But why would you have a premature stop codon anyway? Why have our cells evolved to have such an intricate mechanism for dealing with them? There aren’t any spaces in between codons, so where you start reading matters -> thismakessense but th ismakessense doesn’t. because the words are 3-letters-long, there are 3 different “reading frames: I can start reading at the T, or the K & be in the same reading frame: THIsmaKESsenSE is in the same frame as thismaKESsenSE. But, if I start from the H or the I, I’ll have shifted frames: tHISmakESSensE or thISMakeSSEnse. You still read all the letters but you read them a sdi ffe ren two rds.
Thankfully the ribosome knows where to start reading because it looks for the word for start, AUG. Then it stays in the frame it starts at and goes until it reads stop. Then, instead of adding an amino acid, it releases the chain.
There are 4 letters in the RNA alphabet (A, U, G & C), so 64 possible codons. 3 of these spell “stop”: UAG, UAA, & UGA
A stop codon can be “hidden” – yoUGAin a stop codon if you read it a certain way. So if there’s a mistake with the transcription (DNA->RNA copying) or splicing (removing the introns) you can gainn or lse letters which can make a stop sign appear where there shouldn’t be one. Or yoUGAn have an incorrect letzer put it which can create a PTC. We call these stop-codon-generating mutations NONSENSE MUTATIONS. So, NMD provides a way for your cells to detect “bad” mRNA that sneaks past the spliceosomal editors!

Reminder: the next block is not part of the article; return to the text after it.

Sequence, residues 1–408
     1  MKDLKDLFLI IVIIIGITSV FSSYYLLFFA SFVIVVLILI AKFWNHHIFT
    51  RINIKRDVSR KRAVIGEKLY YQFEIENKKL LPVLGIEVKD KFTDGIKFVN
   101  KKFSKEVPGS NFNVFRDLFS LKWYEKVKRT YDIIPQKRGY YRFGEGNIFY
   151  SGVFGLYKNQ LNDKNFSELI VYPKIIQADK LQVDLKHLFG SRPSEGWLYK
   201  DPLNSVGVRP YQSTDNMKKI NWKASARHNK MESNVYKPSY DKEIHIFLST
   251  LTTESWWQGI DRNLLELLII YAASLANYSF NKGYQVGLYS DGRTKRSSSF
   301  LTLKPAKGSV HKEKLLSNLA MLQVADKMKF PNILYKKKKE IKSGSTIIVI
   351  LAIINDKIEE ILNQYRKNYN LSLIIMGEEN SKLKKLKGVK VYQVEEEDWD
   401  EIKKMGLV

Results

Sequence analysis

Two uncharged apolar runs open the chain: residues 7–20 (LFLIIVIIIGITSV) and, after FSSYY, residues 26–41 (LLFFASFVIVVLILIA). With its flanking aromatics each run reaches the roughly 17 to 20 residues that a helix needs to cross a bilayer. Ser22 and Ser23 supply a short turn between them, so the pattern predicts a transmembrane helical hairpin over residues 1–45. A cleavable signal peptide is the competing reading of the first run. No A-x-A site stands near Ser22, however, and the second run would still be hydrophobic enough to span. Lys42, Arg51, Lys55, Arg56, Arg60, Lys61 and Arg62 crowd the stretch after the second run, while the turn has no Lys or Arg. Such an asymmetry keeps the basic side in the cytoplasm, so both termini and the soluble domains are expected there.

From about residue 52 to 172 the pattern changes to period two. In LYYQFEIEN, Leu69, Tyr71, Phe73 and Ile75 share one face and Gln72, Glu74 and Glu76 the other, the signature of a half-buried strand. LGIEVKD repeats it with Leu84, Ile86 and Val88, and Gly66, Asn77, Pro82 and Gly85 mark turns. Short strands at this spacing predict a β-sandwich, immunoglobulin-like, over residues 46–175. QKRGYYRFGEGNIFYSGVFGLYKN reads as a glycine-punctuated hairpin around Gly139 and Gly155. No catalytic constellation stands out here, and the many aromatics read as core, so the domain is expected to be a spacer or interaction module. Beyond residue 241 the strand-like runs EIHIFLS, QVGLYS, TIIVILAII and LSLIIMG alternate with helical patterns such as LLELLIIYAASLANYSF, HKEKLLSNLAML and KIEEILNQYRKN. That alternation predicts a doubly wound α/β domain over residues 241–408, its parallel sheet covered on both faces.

In addition to its quality control role, there’s growing evidence that NMD can play a role in getting rid of unwanted but not prematurely-terminated mRNA and it’s an exciting field to watch!
And watch people are because NMD is implicated in lots of diseases. Mutations in mRNA that are caused by transcription or splicing errors aren’t that bad because it’s just that one copy and you still have the permanent DNA version. But diseases can occur when there’s a PTC-causing mutation in that DNA version. Then all the mRNA made from it will be affected. So scientists are working on ways to get cells to ignore the PTC.
more on topics mentioned (& others) #365DaysOfScience All (with topics listed) 👉 http://bit.ly/2OllAB0